But for this day, with roaming elk, a once-acidic stream segment stocked with trout, a former “moonscape” covered with grass, and even some head-bobbing wild turkeys, it was a time to appreciate the progress at hand.

 

About the Author: Tom Damm has been with EPA since 2002 and now serves as communications coordinator for the region’s Water Protection Division.

Editor's Note: The views expressed here are intended to explain EPA policy. They do not change anyone's rights or obligations. You may share this post. However, please do not change the title or the content, or remove EPA’s identity as the author. If you do make substantive changes, please do not attribute the edited title or content to EPA or the author.

EPA's official web site is www.epa.gov. Some links on this page may redirect users from the EPA website to specific content on a non-EPA, third-party site. In doing so, EPA is directing you only to the specific content referenced at the time of publication, not to any other content that may appear on the same webpage or elsewhere on the third-party site, or be added at a later date.

EPA is providing this link for informational purposes only. EPA cannot attest to the accuracy of non-EPA information provided by any third-party sites or any other linked site. EPA does not endorse any non-government websites, companies, internet applications or any policies or information expressed therein.

Shorebird Vulnerable to Sea Level Rise

by Nick Holomuzki

It’s August and beach season is in full swing, but people looking to escape the heat aren’t the only ones at the shore.  Each year, the piping plover migrates from the Gulf Coast to the Atlantic to nest and raise their young.

The piping plover is a small, sand-colored shorebird that resembles a sand piper. They are native to the Atlantic coast, the Great Lakes shorelines and to inland lakes in the Great Plains.  In 1985, they were listed as a federally threatened species due to habitat loss as a result of a boom in shoreline development following World War II.

Piping Plover on a beach

Piping Plover on a beach. Photo credit: U.S. FWS

While there has been a large recovery effort in place since the 80’s, another threat is emerging – sea level rise.  The Barrier Islands, which lie off the coast of Delaware, Maryland and Virginia, provide ideal habitat for these birds.  Low-lying, wide-open, sandy beaches make these islands so accommodating to plovers; however, these features also make them more vulnerable to sea level rise.

Piping plovers are projected to lose more than 29 percent of non-breeding range and up to 62 percent of its summer range by 2080, according to Audubon Society’s climate model.

EPA is active in addressing the challenges of climate change and sea level rise in a number of ways.  By providing technical assistance, analytical tools and outreach support, EPA has helped state and local coastal resource managers in preparing for a changing climate.  EPA also contributes scientific research to the Intergovernmental Panel on Climate Change (IPCC) and shares critical information with a wide array of international stakeholders.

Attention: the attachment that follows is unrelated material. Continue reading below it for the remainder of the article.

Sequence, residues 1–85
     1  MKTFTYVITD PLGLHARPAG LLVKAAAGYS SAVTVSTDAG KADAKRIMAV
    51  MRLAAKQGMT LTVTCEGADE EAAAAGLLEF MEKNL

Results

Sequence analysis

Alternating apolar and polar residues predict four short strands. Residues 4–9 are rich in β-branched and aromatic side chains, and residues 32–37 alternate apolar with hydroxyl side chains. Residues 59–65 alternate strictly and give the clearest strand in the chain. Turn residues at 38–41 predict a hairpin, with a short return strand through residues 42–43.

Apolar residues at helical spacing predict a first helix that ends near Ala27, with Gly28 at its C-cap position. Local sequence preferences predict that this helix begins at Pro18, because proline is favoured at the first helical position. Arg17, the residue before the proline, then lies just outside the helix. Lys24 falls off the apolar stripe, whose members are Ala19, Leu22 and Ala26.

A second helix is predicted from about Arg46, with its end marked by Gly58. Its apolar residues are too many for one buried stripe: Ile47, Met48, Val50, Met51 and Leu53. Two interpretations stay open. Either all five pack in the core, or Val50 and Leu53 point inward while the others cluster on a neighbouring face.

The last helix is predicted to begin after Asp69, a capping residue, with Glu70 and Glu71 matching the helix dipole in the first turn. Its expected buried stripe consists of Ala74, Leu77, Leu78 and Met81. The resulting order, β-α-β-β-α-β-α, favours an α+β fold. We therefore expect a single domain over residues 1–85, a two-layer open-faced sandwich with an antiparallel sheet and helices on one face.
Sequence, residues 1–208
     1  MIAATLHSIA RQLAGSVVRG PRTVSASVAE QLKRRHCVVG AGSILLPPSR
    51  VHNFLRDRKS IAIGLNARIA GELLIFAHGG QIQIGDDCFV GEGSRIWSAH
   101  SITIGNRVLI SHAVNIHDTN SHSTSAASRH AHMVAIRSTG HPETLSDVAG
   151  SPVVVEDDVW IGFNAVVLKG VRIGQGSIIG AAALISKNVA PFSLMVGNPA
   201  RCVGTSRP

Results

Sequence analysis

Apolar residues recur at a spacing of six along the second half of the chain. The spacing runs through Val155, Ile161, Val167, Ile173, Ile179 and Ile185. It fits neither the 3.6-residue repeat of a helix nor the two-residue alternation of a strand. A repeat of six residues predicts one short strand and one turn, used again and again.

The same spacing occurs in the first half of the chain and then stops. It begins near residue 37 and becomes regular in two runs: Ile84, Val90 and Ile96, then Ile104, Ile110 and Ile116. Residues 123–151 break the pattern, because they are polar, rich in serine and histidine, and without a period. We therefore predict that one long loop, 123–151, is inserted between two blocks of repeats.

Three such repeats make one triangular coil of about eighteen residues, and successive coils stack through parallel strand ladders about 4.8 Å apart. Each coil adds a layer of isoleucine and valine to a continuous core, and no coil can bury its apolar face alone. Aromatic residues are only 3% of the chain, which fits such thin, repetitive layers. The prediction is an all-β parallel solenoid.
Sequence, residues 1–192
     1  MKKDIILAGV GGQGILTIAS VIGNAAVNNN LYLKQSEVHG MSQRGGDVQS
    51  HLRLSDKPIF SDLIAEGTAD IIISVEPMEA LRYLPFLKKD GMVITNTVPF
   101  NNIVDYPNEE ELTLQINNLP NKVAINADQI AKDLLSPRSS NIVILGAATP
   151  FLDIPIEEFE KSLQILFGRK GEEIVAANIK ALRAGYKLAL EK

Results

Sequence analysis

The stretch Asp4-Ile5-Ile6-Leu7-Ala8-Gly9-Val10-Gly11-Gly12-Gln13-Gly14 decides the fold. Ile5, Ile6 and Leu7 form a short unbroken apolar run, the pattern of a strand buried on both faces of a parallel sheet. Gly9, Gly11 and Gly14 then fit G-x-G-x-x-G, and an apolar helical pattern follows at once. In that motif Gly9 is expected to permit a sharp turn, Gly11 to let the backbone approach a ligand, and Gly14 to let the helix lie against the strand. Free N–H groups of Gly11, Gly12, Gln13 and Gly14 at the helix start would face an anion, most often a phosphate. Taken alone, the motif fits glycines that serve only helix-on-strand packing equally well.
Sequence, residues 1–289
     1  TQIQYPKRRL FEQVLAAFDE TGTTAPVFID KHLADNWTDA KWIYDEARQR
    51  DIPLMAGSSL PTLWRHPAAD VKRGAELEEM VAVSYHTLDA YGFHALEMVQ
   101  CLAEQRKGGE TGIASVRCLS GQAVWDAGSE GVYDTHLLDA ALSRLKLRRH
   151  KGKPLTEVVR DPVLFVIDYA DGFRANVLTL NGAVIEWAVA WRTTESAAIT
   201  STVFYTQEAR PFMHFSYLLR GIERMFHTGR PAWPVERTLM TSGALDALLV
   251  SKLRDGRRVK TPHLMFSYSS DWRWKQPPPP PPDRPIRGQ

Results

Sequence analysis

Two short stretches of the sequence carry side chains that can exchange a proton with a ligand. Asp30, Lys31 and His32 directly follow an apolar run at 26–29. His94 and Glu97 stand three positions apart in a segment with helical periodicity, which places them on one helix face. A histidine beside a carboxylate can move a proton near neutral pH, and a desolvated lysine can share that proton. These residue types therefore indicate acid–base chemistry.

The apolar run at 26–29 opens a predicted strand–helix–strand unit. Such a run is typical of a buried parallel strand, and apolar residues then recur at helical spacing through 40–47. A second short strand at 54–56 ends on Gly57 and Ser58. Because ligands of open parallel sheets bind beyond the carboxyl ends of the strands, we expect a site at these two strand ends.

Last August, President Obama and EPA announced the Clean Power Plan – a historic step in reducing carbon pollution from power plants, and last December in Paris, the U.S. committed to cut greenhouse gas emissions 26 to 28 percent compared to 2005 levels by 2025.

Actions to combat sea level rise will benefit the piping plovers.  While we’re enjoying the beach, we can take simple steps to help them as well by keeping our dogs on leashes, cleaning up any food scraps or trash and respecting any areas fenced-off for the protection of wildlife so that these peppy birds have their space to skitter along the shoreline.

 

About the Author:  Nick Holomuzki is a Life Scientist in the Water Protection Division for the EPA’s mid-Atlantic region.  Before joining the EPA, Nick worked for the National Park Service on threatened and endangered species conservation.

Editor's Note: The views expressed here are intended to explain EPA policy. They do not change anyone's rights or obligations. You may share this post. However, please do not change the title or the content, or remove EPA’s identity as the author. If you do make substantive changes, please do not attribute the edited title or content to EPA or the author.

EPA's official web site is www.epa.gov. Some links on this page may redirect users from the EPA website to specific content on a non-EPA, third-party site. In doing so, EPA is directing you only to the specific content referenced at the time of publication, not to any other content that may appear on the same webpage or elsewhere on the third-party site, or be added at a later date.

EPA is providing this link for informational purposes only. EPA cannot attest to the accuracy of non-EPA information provided by any third-party sites or any other linked site. EPA does not endorse any non-government websites, companies, internet applications or any policies or information expressed therein.

Bay-Cationing

by Gwendolyn Supplee

My family has been vacationing on the southern eastern shore of Maryland at Janes Island State Park since 2013.  The first year, we had an almost one-year old daughter and weren’t quite comfortable getting out on the waters of the Tangier Sound with a little one.  So we enjoyed the beauty of the Bay from the land, but were still able to partake in many of the activities that make a “Bay-cation” so appealing, at least to us – fishing and crabbing!

As we began to plan our 2014 vacation, my husband suggested we buy a boat to really experience the Chesapeake Bay where it was meant to be enjoyed, on the water.  I was open to the idea, until he came home with a used boat he found with so much dirt, weeds, and small trees growing out of it, I wasn’t sure if he had purchased a boat or a planter for our front yard.  Alas, he got the boat sea-worthy for our trip, and we were able to experience the open Bay.